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Hard Numbers:

6: At least six people have been killed and more than 200 injured during rallies in Jakarta disputing the re-election of Indonesian President Joko Widodo.

-12.8: Compared to the last four presidents who were reelected, Donald Trump's popularity is historically weak. His net approval rating today (-12.8%) is about 14 points worse than Ronald Reagan's (1983) and 20 points worse than Barack Obama's (2011) at the same point in their presidencies. He's 25 points behind Bill Clinton (1995) and 45 points behind George W. Bush (2003). Given how little Trump's numbers have changed over the past three years, the path forward looks especially steep.

40: About 40 percent of US companies operating in China say they're considering relocating outside the country, according to a new study. In part, that's because some 47 percent of the members of the American Chamber of Commerce in China and a similar group based in Shanghai say they face retaliation for US tariffs in the form of slower customs clearance, more inspections, and delayed approvals for licenses.

70: How bad is street crime in Mexico City? Armed robberies have become common enough that for 300 to 500 pesos ($15 to $25) you can buy a fake cellphone to hand over instead of parting company with the real thing. The phones feature a realistic-looking startup screen and enough metal inside to mimic the weight of an actual mobile phone. There were an average of 70 muggings per day in Mexico City in the first four months of this year.

Wales, early 19th century: During breaks from his law studies, William Robert Grove indulges in his passion for science to become an inventor. On his honeymoon in Europe, he learns about the new energy source everyone's talking about: electricity. After learning that electricity allows water to be broken down into its two components, hydrogen and oxygen, his intuition leads him to an idea that ends up making him a pioneer of sustainable energy production.

Watch the story of William Robert Grove in Eni's MINDS series, where we travel through time seeking scientists.

El Salvador's President Nayib Bukele is an unusual politician. The 39-year old political outsider boasts of his political triumphs on TikTok, dons a suave casual uniform (backwards-facing cap; leather jacket; tieless ), and refuses to abide by Supreme Court rulings.

Bukele also enjoys one of the world's highest approval ratings, and that's what helped his New Ideas party clinch a decisive victory in legislative elections on February 28, securing a close to two-third's supermajority (75 percent of the vote had been counted at the time of this writing).

His triumph will resonate far beyond the borders of El Salvador, Central America's smallest country, home to 6.5 million people. Now that Bukele has consolidated power in a big way, here are a few key developments to keep an eye on.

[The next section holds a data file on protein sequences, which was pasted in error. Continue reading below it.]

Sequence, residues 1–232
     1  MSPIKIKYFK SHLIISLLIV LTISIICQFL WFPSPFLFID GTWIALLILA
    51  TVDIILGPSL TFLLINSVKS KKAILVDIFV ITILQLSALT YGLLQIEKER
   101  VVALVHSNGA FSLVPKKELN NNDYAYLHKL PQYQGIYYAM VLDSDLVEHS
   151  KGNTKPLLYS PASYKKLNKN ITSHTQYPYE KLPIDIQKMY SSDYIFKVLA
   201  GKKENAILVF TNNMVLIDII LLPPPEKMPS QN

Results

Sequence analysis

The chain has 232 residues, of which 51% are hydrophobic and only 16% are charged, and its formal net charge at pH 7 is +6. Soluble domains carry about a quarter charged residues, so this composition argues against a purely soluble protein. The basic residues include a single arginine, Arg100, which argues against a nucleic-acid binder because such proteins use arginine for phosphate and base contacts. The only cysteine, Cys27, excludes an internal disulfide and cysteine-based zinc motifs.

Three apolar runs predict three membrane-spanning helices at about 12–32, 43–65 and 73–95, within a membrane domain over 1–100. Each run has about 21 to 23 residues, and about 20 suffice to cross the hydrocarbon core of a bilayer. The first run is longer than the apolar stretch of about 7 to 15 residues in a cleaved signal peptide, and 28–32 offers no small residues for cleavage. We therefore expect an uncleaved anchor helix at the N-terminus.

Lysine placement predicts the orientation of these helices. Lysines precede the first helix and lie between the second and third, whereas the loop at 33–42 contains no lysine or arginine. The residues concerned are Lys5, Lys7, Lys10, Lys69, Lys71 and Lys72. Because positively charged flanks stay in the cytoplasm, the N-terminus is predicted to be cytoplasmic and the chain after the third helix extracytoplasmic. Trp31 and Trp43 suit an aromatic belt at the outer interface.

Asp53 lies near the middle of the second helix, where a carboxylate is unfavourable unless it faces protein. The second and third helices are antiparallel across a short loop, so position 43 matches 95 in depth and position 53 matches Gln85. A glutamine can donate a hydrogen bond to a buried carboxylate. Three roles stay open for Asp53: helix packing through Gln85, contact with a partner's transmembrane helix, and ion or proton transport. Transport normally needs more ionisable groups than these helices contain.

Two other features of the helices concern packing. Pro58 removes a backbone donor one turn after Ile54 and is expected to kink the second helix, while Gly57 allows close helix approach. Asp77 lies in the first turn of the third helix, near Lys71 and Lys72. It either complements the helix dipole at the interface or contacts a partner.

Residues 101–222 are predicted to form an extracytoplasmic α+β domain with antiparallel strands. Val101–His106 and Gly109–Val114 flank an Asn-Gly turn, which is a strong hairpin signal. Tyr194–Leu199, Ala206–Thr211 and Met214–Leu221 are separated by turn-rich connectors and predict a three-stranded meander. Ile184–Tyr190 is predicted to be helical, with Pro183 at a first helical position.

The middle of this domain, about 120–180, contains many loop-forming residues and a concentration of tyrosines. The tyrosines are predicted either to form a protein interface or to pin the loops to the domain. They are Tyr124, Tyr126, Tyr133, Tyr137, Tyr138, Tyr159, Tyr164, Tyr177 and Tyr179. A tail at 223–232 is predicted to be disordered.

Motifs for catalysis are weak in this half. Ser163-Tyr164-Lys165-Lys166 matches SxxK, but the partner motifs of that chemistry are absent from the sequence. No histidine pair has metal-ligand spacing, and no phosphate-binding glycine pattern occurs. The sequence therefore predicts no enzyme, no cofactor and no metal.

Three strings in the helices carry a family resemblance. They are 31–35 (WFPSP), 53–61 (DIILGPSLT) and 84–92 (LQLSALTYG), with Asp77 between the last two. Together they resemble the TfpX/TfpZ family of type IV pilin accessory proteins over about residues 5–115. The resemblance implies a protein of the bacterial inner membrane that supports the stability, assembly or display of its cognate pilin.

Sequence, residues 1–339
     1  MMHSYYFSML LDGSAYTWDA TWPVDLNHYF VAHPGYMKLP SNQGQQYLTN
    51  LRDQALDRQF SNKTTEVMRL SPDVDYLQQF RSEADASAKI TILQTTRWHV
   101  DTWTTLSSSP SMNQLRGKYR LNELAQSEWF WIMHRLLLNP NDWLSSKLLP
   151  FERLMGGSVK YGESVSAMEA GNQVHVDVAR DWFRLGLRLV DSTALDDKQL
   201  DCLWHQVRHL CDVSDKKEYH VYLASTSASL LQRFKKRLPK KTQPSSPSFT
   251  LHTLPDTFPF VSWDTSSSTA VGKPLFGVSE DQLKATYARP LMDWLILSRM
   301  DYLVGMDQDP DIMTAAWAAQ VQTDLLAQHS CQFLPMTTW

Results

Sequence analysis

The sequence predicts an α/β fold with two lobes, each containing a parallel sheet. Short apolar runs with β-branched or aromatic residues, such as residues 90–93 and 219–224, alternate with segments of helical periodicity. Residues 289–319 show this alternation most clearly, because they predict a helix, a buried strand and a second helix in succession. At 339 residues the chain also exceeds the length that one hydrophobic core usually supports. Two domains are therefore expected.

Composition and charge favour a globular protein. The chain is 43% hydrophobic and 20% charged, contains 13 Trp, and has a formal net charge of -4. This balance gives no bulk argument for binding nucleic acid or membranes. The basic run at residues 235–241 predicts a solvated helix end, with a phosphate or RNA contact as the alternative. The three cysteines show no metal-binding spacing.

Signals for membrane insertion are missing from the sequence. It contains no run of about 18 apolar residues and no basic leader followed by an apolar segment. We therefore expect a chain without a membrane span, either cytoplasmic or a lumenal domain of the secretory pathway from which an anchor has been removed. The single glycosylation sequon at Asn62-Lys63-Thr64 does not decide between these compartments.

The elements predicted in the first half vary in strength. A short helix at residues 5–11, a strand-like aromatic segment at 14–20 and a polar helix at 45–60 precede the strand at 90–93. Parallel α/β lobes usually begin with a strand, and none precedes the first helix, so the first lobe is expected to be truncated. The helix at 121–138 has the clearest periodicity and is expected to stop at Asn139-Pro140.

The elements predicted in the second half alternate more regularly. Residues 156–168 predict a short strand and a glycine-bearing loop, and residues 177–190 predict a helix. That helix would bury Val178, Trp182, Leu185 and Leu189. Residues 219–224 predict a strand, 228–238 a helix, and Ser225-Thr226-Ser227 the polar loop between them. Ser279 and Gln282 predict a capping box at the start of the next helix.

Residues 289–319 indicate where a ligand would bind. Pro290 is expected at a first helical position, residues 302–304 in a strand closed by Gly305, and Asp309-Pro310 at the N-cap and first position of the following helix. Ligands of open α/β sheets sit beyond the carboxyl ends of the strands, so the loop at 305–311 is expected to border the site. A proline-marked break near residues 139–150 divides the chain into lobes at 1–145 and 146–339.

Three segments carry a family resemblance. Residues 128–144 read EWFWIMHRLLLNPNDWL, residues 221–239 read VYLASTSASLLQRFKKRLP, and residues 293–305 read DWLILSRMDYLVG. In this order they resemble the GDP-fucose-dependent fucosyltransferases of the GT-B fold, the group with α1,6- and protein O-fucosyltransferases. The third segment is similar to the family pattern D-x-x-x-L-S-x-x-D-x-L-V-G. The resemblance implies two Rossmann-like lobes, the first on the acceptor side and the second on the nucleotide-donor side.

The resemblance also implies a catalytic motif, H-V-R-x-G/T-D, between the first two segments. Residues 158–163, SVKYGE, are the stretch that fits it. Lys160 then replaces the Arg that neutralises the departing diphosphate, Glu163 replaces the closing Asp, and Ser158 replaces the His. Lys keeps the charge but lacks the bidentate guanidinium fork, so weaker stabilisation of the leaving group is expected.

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Now that millions of high-priority Americans have been vaccinated, many people in low-risk groups are starting to ask the same question: when's my turn? Dr. Anthony Fauci, America's top infectious diseases expert, has an answer, but probably not the one they're hoping for: "It probably won't be until May or June before we can at least start to get the normal non-prioritized person vaccinated." On GZERO World, Dr. Fauci also addresses another burning question: why aren't schools reopening faster? And while Dr. Fauci acknowledges that reopening schools must be a top priority, he has no quick fixes there, either. In fact, that's kind of a theme of the interview.

Watch the GZERO World episode: Dr. Fauci's Pandemic Prognosis

Ian Bremmer's Quick Take:

I thought I would talk today, I haven't spoken much about former President Trump since he's no longer president and I intend to continue that practice. But given this weekend and the big speech at CPAC and the fact that in the straw poll, Trump won and won by a long margin. I mean, DeSantis came in number two, but he's the Governor of Florida, CPAC was in Orlando, so that's a home court bias. In reality, it's Trump's party. And I think given all of that, it's worth spending a little bit of time reflecting on what that means, how I think about these things.

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Ian Bremmer's Quick Take:

Hi, everybody. Ian Bremmer here, and as we head into the weekend, a Quick Take on, well, the first bombing campaign of the new Biden administration. You kind of knew it was going to happen. Against some Iranian-backed militias in Syria, looks like a couple of dozen, perhaps more killed, and some militia-connected military facilities destroyed. I think there are a few ways to look at this, maybe three different lenses.

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The GZERO World Podcast with Ian Bremmer. Listen now.

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Biden strikes Syria. Now what?

Quick Take